A lookout H2O in the 516

Back to Article
Back to Article

A lookout H2O in the 516

Gillian Rush

Gillian Rush

Gillian Rush

Becky Han, Caroline Katz, Adi Levin, Rebecca Muratore, and Gillian Rush

Hang on for a minute...we're trying to find some more stories you might like.


Email This Story






It was just over three years ago when Flint, Michigan made headlines for its increasingly unsafe drinking water. Unusually high levels of lead had been found in the tap water, posing a threat to over 100,000 residents of the city. A federal state of emergency was declared in January 2016 and Flint residents were advised to drink, and to only drink, bottle or  filtered water for all purposes.  Thanks to an abundance of water treatment and after lots of national attention, the water quality has returned to an almost-acceptable level. For now. Closer to home, Port Washington faced an alarming situation a few years ago when, according to the Environmental Water Group, a tap water database, contaminants were detected in the water supply that can cause cancer in the long run: 1,4 dioxane, chromium, and heptachlorepoxide.

While the Water District has been making great strides in terms of purifying local water supplies in recent years, water pollution has become an issue that’s no longer possible to ignore. On Feb. 9, 2016, the Western Long Island Aquifer Committee (made up of officials from Port Washington and surrounding towns) wrote a letter to the New York State Speaker of the Assembly and Senate Majority Leader asking for improved water quality inspections.  The letter noted that Nassau County has 150 superfund sites—polluted areas that require long-term cleanup efforts—the most of any county in New York State.

In order to understand the problems facing Port Washington’s water supply, it’s important to go back to the source. So where exactly does our water come from?

According to the Annual Drinking Water Quality Report for 2016 from the Port Washington Water District, the usual sources of drinking water, which includes both bottled and tap water, are lakes, streams, rivers, springs, reservoirs, ponds, and wells. While the water moves through the ground or over the surface on land, it dissolves naturally occurring minerals. During this time, the water may also be combined with dangerous materials. These include remains from human and animal activity and radioactive material. As a result, a diverse variety of contaminants may be present in the source water, a few being pesticides, herbicides, and organic chemical contaminants. For the Port Washington Water District specifically, our main water source is groundwater.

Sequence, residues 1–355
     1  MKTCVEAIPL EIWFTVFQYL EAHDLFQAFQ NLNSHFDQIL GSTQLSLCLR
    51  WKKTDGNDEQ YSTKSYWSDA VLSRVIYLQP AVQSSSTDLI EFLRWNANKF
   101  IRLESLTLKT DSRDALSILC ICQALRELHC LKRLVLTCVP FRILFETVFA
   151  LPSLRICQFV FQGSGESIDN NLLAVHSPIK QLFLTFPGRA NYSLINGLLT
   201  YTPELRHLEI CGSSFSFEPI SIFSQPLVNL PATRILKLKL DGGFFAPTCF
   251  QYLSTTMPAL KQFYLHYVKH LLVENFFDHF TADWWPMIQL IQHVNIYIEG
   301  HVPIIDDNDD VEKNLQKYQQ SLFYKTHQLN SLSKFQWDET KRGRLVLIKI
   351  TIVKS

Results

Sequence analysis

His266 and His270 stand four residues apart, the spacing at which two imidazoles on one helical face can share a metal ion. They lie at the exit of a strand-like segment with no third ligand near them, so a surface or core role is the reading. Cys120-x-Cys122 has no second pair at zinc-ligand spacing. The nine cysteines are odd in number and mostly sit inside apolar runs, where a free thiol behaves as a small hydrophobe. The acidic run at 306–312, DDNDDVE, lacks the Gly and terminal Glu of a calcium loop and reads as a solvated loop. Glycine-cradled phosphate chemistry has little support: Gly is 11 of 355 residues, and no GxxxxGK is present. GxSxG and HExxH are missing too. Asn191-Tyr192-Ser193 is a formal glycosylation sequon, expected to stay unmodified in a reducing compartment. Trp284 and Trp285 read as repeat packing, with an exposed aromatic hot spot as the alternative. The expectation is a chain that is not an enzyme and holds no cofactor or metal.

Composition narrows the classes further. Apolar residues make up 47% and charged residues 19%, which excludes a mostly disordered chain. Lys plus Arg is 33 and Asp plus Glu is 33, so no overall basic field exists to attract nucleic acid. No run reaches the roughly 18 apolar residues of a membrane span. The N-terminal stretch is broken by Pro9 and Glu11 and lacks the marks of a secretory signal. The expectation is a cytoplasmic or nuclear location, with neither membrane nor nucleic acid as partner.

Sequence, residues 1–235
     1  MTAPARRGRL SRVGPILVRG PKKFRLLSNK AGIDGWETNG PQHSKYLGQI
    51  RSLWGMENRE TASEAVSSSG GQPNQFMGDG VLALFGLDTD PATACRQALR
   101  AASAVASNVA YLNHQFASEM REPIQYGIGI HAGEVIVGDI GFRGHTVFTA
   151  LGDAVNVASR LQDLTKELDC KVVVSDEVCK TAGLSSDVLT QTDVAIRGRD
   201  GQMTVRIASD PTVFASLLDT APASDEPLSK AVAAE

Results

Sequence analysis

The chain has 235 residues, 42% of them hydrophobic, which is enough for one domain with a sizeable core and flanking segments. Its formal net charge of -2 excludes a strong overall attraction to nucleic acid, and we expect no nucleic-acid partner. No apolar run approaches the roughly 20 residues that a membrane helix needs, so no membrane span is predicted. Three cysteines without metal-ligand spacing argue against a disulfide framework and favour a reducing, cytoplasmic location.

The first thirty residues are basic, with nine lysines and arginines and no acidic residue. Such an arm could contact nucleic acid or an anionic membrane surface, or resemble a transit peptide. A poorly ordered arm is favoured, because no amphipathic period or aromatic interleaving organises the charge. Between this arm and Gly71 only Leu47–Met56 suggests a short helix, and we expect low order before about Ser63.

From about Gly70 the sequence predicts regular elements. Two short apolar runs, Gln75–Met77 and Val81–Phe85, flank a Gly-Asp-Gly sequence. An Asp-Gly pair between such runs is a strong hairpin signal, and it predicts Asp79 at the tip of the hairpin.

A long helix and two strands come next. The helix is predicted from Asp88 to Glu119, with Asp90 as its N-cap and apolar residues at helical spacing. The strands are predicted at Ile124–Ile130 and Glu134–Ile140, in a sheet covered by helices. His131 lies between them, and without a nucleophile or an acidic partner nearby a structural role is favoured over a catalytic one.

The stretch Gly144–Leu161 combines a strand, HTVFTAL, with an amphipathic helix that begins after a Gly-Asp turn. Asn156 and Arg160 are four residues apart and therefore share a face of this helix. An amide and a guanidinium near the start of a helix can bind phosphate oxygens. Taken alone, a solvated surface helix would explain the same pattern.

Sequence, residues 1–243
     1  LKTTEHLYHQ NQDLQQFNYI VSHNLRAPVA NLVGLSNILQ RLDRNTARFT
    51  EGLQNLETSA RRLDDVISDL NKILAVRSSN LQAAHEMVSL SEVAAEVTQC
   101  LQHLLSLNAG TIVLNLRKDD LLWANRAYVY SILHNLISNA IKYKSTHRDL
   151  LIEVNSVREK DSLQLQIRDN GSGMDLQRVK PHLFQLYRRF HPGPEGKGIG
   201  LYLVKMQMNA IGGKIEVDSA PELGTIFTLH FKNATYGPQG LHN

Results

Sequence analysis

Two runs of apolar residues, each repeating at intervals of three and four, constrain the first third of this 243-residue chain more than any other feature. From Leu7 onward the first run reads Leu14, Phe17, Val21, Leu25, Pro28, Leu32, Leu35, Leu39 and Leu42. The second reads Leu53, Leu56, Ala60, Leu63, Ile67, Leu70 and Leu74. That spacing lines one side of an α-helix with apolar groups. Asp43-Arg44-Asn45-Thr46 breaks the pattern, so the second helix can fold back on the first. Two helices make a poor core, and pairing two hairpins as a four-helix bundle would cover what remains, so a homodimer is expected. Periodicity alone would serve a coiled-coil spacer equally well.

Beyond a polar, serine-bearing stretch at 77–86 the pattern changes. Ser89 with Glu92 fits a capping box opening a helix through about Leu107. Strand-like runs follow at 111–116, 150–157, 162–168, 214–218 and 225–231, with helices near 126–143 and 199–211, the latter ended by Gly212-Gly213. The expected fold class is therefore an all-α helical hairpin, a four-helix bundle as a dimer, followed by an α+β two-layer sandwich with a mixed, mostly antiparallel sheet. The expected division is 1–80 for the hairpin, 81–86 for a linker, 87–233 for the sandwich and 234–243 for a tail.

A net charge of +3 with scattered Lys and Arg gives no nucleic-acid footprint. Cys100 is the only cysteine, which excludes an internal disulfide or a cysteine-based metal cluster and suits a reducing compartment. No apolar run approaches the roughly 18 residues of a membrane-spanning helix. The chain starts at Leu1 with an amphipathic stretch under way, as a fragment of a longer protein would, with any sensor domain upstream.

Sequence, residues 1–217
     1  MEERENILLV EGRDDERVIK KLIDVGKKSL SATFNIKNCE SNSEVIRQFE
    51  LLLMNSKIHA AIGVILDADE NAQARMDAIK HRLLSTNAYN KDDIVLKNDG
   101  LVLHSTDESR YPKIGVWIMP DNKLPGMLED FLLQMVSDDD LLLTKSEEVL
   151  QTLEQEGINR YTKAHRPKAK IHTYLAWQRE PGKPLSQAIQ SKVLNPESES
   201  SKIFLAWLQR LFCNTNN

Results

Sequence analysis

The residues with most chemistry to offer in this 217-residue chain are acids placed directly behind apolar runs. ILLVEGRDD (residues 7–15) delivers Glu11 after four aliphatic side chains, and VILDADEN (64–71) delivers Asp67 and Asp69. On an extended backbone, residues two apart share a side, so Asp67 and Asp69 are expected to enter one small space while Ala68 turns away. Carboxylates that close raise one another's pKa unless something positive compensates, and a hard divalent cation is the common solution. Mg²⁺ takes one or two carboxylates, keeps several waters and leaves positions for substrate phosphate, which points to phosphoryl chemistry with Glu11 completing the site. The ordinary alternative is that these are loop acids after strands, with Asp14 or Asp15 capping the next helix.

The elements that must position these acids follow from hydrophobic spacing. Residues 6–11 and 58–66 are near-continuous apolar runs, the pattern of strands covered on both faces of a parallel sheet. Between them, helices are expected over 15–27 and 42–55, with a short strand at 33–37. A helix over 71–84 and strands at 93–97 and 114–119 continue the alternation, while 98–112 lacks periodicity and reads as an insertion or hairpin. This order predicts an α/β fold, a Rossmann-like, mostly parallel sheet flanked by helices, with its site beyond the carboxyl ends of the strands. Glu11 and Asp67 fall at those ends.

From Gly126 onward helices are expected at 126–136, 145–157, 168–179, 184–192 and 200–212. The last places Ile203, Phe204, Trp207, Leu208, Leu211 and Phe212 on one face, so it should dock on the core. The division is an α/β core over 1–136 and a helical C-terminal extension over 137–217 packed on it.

The water is pumped  from 12 wells, which range from 90 to 600 feet in depth. These wells are located at eight different stations across the District and are drilled into the Port Washington, Magothy, and Lloyd aquifers situated beneath Long Island. Though New York State and the U.S. Environmental Protection Agency (EPA) established regulations to limit the presence of contaminants in the water supplied by public water systems, some pollutants manage to slip through.

The Nassau County Department of Health conducted an evaluation of both the potential and real threats to our drinking water source and found that one of our wells has a medium high susceptibility to contamination to microbes. “Sometimes I drink from our sink water even though I buy bottled water from stores like Costco,” said junior Hannah Roth.  “Knowing this now is making me more worried.”

These levels of susceptibility are likely a result of transportation routes and industrial facilities in the area, as well as land practices by residents like fertilization on unsewered lawns.

“I think I’ve always just been kind of wary about drinking our town’s tap water in general,” said junior Gaby Chu. “The thought of pollutants and contaminants getting into what I drink plays a large role in that.”

But what about city water? Many believe that the quality of New York City’s water supply is better than ours since it is imported, but is this really true? Unlike Port, the city gets its water from a surface supply system made up of controlled lakes and reservoirs located throughout a watershed. The overwhelming majority of their water comes from the Catskill/ Delaware supply, which is of such high quality that filtration is not needed to treat the water. Still, others argue that the possible negative health effects and metallic taste from the chemicals used to disinfect the water, namely chlorine and fluorine, takes away from the perceived perks of city water.

Meanwhile, though well water also has somewhat of a reputable reputation for carrying natural minerals, it is absolutely crucial for well water to be completely treated and not have an excess amount of natural minerals for the safety and health of all of us. As a coastal community, Port Washington’s water supply is susceptible to a number of threats.

According to the 2016 water quality report, all of our twelve wells have a high to very high susceptibility to nitrates. In this report, 6.25 mg/L of nitrates were detected. Although this is less than the maximum contaminant level of 10 mg/L, the report indicates that nitrate levels have risen above half of the MCL. This is largely due to unsewered residential land use, nitrogen-based land fertilizers, and commercial and industrial activity. In addition, these levels may temporarily increase rapidly due to changes in rainfall or agricultural activity.

“If we find that there are problems with regulated contaminants like nitrates, we take prompt and measured action to put in filtration systems and keep everything up to standard,” said Paul Granger, who sits on the state Drinking Water Quality Council and is the superintendent of the Port Washington Water District.